New York has not been the most welcoming city for Muslims. The memories of the Twin Towers in flames and crumbling to the earth remain fresh in the minds of many residents, and prejudice has been a reality for many. However, the people of New York have always been a diverse collection of communities, and local Muslims have fought hard against the bigotry amidst their peers.

Instead, it is the institutionalized prejudice of the city government which has long been the real specter haunting the Muslim communities of the city that never sleeps.

The New York Police Department (NYPD) has continued a policy of invasive surveillance and monitoring over Muslim communities since 9/11, including the use of undercover informants in Muslim communities, the classification of entire mosques as terrorist or suspected terrorist enterprises, and an army of Arabic translators larger than that of the FBI’s.

The results of these policies have (no surprise) failed to accomplish their supposed goals and have instead contributed to numerous long-term problems in Muslim-American relations. According to a sworn testimony by Lt. Paul Galati, the NYPD’s surveillance program of Muslim life had not yielded a single criminal lead during his six year tenure.

Instead, these policies have ensured that the Muslim communities of New York City have continued to live in a state of alienation and suspicion from the law enforcement they rely upon, and severely exacerbating growing tensions between Muslims and their governments.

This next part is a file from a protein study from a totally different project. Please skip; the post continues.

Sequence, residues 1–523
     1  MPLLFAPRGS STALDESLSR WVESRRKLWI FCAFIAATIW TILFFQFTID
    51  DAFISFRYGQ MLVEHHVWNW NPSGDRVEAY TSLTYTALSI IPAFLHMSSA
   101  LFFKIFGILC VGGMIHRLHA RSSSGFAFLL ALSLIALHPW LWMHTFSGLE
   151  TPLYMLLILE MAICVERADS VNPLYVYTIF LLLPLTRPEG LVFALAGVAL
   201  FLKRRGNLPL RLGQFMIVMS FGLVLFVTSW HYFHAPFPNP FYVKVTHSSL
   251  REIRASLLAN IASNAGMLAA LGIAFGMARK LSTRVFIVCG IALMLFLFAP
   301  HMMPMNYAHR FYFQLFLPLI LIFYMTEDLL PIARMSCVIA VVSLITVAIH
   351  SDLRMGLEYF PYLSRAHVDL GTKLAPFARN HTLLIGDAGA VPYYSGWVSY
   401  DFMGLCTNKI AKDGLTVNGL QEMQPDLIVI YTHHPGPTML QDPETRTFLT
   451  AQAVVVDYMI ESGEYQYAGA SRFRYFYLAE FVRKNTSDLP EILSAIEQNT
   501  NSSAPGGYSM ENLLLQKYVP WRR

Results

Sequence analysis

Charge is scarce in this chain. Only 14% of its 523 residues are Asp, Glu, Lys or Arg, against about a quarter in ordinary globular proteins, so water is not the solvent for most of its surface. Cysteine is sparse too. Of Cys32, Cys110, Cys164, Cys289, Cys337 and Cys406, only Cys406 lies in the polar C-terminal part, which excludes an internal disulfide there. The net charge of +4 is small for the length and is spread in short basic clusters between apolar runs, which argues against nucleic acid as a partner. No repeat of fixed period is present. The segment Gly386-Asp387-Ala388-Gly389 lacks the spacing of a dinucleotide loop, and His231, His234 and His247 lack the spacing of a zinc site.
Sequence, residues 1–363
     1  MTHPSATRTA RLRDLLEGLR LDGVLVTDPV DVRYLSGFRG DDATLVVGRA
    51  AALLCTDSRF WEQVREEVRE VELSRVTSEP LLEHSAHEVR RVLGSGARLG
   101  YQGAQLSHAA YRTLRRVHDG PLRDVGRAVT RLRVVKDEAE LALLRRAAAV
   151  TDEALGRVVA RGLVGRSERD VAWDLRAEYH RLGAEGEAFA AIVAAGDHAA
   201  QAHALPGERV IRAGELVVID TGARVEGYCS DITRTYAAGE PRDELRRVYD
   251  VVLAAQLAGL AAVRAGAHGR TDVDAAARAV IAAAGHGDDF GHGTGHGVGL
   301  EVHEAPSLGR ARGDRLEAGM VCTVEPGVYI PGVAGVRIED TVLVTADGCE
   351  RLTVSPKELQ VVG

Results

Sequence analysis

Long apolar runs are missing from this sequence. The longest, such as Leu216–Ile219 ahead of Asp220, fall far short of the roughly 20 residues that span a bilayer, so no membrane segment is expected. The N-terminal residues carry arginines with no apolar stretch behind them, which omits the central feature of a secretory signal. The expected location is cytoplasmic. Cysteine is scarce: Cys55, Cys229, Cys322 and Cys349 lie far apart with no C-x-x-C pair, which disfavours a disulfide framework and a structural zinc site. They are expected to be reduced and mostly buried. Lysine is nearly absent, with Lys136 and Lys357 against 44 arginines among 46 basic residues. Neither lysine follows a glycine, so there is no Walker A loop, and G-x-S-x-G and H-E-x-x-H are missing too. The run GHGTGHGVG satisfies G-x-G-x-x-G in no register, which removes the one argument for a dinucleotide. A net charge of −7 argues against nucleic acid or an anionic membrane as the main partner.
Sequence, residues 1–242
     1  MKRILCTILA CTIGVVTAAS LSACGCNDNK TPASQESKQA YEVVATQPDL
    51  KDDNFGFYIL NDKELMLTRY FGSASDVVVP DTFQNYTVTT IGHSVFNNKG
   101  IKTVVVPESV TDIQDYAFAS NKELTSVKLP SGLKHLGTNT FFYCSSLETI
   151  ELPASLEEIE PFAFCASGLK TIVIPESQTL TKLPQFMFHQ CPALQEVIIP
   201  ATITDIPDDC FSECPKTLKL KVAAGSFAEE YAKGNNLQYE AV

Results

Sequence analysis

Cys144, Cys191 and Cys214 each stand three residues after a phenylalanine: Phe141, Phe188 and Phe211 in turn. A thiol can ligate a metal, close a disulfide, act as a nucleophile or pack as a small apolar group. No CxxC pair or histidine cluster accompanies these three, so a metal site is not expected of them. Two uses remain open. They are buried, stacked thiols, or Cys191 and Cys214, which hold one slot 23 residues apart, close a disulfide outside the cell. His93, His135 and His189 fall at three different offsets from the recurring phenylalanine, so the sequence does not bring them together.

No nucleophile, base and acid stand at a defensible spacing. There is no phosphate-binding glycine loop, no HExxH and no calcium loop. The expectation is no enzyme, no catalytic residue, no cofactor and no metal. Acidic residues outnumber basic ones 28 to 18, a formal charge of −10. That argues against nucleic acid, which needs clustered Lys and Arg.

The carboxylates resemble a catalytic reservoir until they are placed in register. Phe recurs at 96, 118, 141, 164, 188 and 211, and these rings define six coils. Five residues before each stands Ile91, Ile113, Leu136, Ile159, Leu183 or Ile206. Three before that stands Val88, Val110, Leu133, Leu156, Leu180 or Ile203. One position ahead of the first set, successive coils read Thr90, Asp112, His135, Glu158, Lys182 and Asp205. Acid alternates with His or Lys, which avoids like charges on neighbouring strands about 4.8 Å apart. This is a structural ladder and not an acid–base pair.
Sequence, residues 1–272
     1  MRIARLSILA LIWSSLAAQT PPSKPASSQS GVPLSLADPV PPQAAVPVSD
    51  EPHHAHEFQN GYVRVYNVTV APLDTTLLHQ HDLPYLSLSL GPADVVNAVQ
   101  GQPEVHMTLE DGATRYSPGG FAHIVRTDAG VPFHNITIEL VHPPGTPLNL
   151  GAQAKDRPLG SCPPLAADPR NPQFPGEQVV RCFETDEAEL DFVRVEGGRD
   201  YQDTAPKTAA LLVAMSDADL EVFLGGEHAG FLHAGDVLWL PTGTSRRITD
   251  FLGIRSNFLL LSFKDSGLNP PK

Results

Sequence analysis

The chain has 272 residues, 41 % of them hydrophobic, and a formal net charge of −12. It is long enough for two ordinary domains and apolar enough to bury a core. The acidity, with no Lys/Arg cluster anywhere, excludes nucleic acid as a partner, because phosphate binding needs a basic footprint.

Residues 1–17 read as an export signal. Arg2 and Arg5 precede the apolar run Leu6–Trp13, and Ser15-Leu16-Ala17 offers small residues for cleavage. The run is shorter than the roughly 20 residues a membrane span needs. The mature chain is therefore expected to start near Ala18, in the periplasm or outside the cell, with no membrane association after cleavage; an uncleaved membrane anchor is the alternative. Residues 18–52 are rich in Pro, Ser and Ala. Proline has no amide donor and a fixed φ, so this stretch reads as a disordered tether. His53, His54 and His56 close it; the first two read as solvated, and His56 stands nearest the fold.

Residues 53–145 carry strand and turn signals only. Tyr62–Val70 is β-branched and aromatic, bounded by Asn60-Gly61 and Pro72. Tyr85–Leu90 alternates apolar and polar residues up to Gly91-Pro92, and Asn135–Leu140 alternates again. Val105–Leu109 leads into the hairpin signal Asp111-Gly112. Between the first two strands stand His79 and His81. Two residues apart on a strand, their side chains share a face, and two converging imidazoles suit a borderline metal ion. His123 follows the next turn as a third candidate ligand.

NYC Muslims live in a world of self-censorship in which Islamic life has been curtailed from within as a reaction to increased pressure upon mosques, college campuses, and public activism from the NYPD. By viewing increased religiosity as an indicator of radicalization, the NYPD has profiled Muslims who choose to profess their faith in a socially tangible manner, and have consciously pursued policies to increase stigma against Muslims in the public eye as well as (thanks in large part to the continued use of Muslim informants and undercover law enforcement) fomenting distrust amongst Muslims themselves.

Recently, the NYPD has officially announced the end to the secret program whose purpose was to spy on Muslims—known by its official euphemism, the “Demographic Unit.”

The purpose of this unit was to collect information on Muslim communities to better identify potential terrorists blending into the fabric of their society, utilizing specific “ancestries of interest” to help target potential individuals and neighborhood dynamics.

The end of the Demographic Unit’s time patrolling the streets of New York comes on the heels of the newly sworn-in Mayor de Blasio’s promise to reform the NYPD’s policies, which have come under attack in recent years for what is seen as discriminatory practices against minority communities.

This comes as a great victory for Muslims in America, as one of the longest standing pillars of institutionalized persecution in this country has taken one step closer towards collapse. However, the dismantling of surveillance infrastructure in New York should prompt a greater discussion of Muslim society amidst the gradual expansion of the American surveillance state.